They (each of the five students of R. Yochanan listed earlier) said three things. R. Eliezer said: May the honor of your fellow be as dear to you as your own. Do not anger easily. Repent one day before you die. Warm yourself before the fire of the Sages. But be wary with their coals that you not get burnt, for their bite is the bite of a fox, their sting is the sting of a scorpion, their hiss is the hiss of a serpent, and all their words are like fiery coals.
For the past two weeks, we have been discussing R. Eliezer’s third statement — that we repent one day before we die. As we saw, not only should we live our lives prepared at any moment to stand before our Creator, but we must consider that today’s words and actions may very well be our last — and the manner in which we will best be remembered by friends and family.
We now turn to R. Eliezer’s final statement — that we be wary of the fiery words of the Sages. The image our mishna conjures up of the Sages is surely a surprising one. We are told of their bite, their sting, their hiss. They are depicted as having animal fierceness. We must somehow learn from them — but we had better not get too close.
Don’t we ordinarily think of rabbis as warm, kindly, and compassionate — like lovable old zaidies? Aren’t they taught to be patient with their students (Mishna 2:6)? Wasn’t it said about R. Yochanan ben Zakkai that he was always the first to greet whomever he passed — even a Gentile in the marketplace (Talmud Brachos 17a)?
Even more bothersome: Shouldn’t Torah study *improve* the Torah scholar’s character — at least as much as (if not more than) his acumen? Doesn’t the Talmud tell us that the Torah scholar must deal kindly with others, so that they will say: “This one who has studied Torah, see how beautiful are his ways!” (Yoma 86a)?
The commentators explain our mishna in various ways. Rashi writes that the image depicted is not intended as a description of the Torah scholar’s personality. The intention rather is to describe the dire consequences of ignoring the Sages’ decisions. Their words are fiery coals. The more we know, the more we become obligated to do — and the more we will be held accountable if we do not.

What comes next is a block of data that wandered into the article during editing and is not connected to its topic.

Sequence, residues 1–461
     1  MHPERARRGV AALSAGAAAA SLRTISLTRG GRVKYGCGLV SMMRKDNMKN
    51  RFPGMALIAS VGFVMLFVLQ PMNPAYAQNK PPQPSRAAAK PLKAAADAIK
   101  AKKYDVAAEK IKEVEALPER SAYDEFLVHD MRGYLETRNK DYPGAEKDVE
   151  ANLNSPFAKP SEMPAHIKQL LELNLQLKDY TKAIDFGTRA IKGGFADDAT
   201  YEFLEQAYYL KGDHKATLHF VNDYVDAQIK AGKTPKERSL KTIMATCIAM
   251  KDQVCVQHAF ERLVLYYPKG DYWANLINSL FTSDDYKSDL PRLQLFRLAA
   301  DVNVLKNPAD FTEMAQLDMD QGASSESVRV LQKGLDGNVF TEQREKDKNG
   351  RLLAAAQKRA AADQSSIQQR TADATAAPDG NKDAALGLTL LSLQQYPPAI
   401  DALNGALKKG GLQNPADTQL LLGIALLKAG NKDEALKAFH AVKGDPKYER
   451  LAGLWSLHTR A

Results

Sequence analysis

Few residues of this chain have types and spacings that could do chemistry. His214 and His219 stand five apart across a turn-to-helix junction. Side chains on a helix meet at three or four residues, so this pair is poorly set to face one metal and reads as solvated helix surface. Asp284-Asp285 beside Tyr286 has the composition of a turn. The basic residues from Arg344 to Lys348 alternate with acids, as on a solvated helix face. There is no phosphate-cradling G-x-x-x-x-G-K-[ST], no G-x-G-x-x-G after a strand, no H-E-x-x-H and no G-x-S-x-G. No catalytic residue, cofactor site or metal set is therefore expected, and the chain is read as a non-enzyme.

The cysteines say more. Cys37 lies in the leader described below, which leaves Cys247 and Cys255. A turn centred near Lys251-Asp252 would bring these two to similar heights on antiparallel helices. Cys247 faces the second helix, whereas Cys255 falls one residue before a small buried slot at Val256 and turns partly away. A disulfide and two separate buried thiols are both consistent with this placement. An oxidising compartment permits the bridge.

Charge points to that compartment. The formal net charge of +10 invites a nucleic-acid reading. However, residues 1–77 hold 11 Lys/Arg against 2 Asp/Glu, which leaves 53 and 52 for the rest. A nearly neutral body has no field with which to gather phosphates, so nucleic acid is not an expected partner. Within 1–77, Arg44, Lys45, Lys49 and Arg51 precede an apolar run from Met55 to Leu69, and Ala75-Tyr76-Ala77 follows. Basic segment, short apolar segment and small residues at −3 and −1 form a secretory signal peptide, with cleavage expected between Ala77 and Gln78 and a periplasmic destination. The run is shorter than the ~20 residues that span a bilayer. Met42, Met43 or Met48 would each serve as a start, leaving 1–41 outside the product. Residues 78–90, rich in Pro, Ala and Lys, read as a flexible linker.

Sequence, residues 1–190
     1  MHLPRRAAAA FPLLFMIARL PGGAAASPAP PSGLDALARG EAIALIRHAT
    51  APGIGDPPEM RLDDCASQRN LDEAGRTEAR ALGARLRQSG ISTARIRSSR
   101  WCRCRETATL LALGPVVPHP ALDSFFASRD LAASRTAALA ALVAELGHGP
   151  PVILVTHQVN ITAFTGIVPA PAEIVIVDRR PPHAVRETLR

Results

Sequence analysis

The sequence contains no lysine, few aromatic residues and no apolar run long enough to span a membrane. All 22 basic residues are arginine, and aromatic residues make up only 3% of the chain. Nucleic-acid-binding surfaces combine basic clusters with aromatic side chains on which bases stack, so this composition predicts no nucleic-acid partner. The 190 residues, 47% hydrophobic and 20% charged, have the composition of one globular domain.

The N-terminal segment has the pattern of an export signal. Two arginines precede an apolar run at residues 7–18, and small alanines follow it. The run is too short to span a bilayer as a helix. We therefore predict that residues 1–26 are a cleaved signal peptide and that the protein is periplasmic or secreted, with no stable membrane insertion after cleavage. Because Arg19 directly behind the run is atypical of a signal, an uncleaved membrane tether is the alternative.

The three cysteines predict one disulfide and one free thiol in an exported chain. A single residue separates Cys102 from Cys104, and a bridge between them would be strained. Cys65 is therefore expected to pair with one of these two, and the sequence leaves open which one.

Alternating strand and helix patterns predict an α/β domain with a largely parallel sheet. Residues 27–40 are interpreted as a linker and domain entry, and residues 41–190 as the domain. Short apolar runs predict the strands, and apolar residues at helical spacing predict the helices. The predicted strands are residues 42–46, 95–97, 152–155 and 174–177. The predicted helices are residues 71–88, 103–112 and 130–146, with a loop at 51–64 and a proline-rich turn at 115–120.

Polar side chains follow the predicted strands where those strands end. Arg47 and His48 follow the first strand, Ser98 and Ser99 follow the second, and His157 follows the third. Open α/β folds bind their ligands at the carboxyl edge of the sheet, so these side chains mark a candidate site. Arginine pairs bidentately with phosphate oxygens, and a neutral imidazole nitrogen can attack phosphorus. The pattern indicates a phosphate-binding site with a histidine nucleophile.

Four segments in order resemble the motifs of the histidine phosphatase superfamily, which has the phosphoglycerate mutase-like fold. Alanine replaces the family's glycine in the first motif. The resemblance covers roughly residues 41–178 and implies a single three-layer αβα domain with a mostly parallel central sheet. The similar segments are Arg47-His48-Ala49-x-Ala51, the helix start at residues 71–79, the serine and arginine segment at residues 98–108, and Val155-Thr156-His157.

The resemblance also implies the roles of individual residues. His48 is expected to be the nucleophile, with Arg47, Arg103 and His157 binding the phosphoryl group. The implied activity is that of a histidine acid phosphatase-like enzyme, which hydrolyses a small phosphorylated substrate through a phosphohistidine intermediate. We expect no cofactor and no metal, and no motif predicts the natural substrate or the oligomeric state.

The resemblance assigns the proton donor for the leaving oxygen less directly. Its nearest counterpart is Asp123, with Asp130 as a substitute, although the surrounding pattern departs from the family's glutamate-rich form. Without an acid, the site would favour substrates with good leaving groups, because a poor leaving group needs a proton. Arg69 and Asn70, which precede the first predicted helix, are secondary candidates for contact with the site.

Maimonides and others understand this mishna to mean that one not become too familiar and chummy with Torah scholars. He should always maintain a respectful distance — not a coldness, but a sense that one’s rabbi is not his equal or just one of the guys — no matter how affable he is personally. The Torah as well as its upholders must be raised aloft and respected. Familiarity breeds contempt. One who treats his rabbi as his friend will fail to properly revere him and his words. As with a fire, one should warm himself from a slight distance. Come too close, and you will get burnt.
I would like to present my own understanding of R. Eliezer’s words, which although I did not see any of the commentators taking a similar approach, I feel is a valid understanding and a worthy insight.
Great people are sometimes found to be, for lack of a better term, angry individuals. They have an intensity, a sense of urgency about them. Life is fleeting and precious; there is so much we must get done and so little time. And such scholars have little patience for people who go through life in a daze, who never really think about why G-d placed them here and what He wants of them. The greater one is, the more clearly he sees just how critical life is and our every action and decision are — and the less tolerance he will have for those who just sleep through it all.
There is an important distinction here. We don’t necessarily find great individuals directing their invective at sinners. We all have our faults; great people are no exception. If the scholar sees people not living up to the Torah’s ideals for proper behavior and he is capable of influencing them for the better, he will reach out with patience and understanding. He will use his greater knowledge to benefit mankind and lead others along the path towards spirituality.